Shih Tzu Health

Shih Tzu are usually a very healthy and hardy breed but as with anything things happen.


Shih Tzu puppies to be honest can be a nightmare suffering from Umbilical hernias and teething but this should not put you off as neither are cause for alarm and just comes with the breed.




There are two main types of hernia in Shih Tzu Umbilical and Inguinal.

A hernia is a protrusion of body tissue, fat or organ through an abnormal opening in the surrounding tissue. Usually the protrusion or bulge can be pushed back in and this is known as reducible. If not then it called incarcerated. If the blood supply to an incarcerated hernia is cut off then the hernia becomes strangulated. Although an uncommon occurrence a strangulated hernia is a medical emergency requiring swift veterinary treatment


Umbilical hernias are fairly common in Shih Tzu. A Shih Tzu with an umbilical hernia will have a bulge in the middle of the tummy, where the umbilical cord was attached, caused by an incompletely closed umbilical ring. Although inheritance likely has an influence in some cases, the majority of umbilical hernias are believed to be caused by the umbilical cord being severed too close to the abdominal wall at birth. Most umbilical hernias are small and will get smaller as a puppy grows. In many cases they will disappear completely by the time a puppy is several months old. Umbilical hernias rarely require surgical intervention before this age but a larger hernia might require repair. This is often convenient to do at the time of neutering.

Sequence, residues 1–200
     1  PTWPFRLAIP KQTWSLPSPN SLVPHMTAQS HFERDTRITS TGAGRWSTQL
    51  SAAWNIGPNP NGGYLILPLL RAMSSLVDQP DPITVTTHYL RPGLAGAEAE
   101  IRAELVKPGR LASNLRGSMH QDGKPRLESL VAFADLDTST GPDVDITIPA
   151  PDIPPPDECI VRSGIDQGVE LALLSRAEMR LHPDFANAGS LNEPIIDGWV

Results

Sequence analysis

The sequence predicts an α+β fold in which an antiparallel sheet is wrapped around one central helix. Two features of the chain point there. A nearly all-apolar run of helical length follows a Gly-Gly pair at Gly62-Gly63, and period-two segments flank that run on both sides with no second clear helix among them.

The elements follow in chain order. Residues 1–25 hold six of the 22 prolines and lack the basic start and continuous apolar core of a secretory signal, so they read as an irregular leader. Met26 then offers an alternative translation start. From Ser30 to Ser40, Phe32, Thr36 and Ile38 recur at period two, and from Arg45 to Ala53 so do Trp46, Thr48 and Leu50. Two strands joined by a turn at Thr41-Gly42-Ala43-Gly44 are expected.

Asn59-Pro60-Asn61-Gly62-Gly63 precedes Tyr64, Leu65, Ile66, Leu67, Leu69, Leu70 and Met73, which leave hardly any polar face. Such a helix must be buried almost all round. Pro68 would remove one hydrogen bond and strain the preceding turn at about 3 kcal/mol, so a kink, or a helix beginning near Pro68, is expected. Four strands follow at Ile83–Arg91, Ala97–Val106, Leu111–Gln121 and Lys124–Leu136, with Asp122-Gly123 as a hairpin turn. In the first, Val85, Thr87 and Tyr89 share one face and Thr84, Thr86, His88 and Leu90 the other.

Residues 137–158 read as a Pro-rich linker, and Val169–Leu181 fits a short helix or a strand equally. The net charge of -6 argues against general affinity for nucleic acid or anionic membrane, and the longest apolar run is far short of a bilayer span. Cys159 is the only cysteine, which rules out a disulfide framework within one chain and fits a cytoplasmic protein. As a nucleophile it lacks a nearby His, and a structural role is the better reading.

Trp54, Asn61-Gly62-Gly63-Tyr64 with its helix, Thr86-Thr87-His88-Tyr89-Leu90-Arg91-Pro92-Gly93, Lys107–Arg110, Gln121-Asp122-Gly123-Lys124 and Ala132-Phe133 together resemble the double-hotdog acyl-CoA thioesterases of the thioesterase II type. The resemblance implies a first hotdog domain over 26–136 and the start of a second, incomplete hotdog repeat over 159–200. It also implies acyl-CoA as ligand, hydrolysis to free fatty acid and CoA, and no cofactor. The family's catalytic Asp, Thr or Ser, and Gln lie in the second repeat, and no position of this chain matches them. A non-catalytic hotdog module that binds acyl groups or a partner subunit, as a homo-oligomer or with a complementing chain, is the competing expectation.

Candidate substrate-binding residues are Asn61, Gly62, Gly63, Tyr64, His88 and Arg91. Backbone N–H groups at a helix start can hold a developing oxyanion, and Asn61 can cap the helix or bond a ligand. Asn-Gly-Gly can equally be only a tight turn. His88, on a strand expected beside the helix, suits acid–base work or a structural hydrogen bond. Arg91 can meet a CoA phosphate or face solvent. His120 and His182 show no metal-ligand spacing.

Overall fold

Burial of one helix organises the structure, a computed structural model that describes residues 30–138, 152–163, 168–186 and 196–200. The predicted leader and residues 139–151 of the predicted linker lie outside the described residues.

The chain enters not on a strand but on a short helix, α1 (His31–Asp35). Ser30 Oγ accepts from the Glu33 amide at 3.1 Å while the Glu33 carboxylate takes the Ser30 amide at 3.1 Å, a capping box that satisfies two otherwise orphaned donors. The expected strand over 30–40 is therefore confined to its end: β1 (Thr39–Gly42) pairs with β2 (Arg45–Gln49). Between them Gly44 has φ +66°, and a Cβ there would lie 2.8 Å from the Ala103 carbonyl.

Inguinal hernias are less common but more likely to require surgery if they don't disappear as the puppy grows. They are caused by tissue or abdominal organs protruding through the inguinal ring and show up as bulges in the groin area either on one side or both. They are more common in females but do occur in both.




They can suffer from eye ulcers due to the short nose and this is down to injury in the majority of cases, maybe ruff play or a play in the bushes, usually eye ointment from the vets sort this problem easily if caught early, redness or a closed/irritated eye must NEVER be ignored.




You must keep your new addition upto date with its worming, I always use Panacur 10% on my puppies and then when able to take it in tablet form i change over to Drontal flavoured.


Worm every 2 weeks until 12 weeks of age

Every Month until 6 months

Every 3 Months for life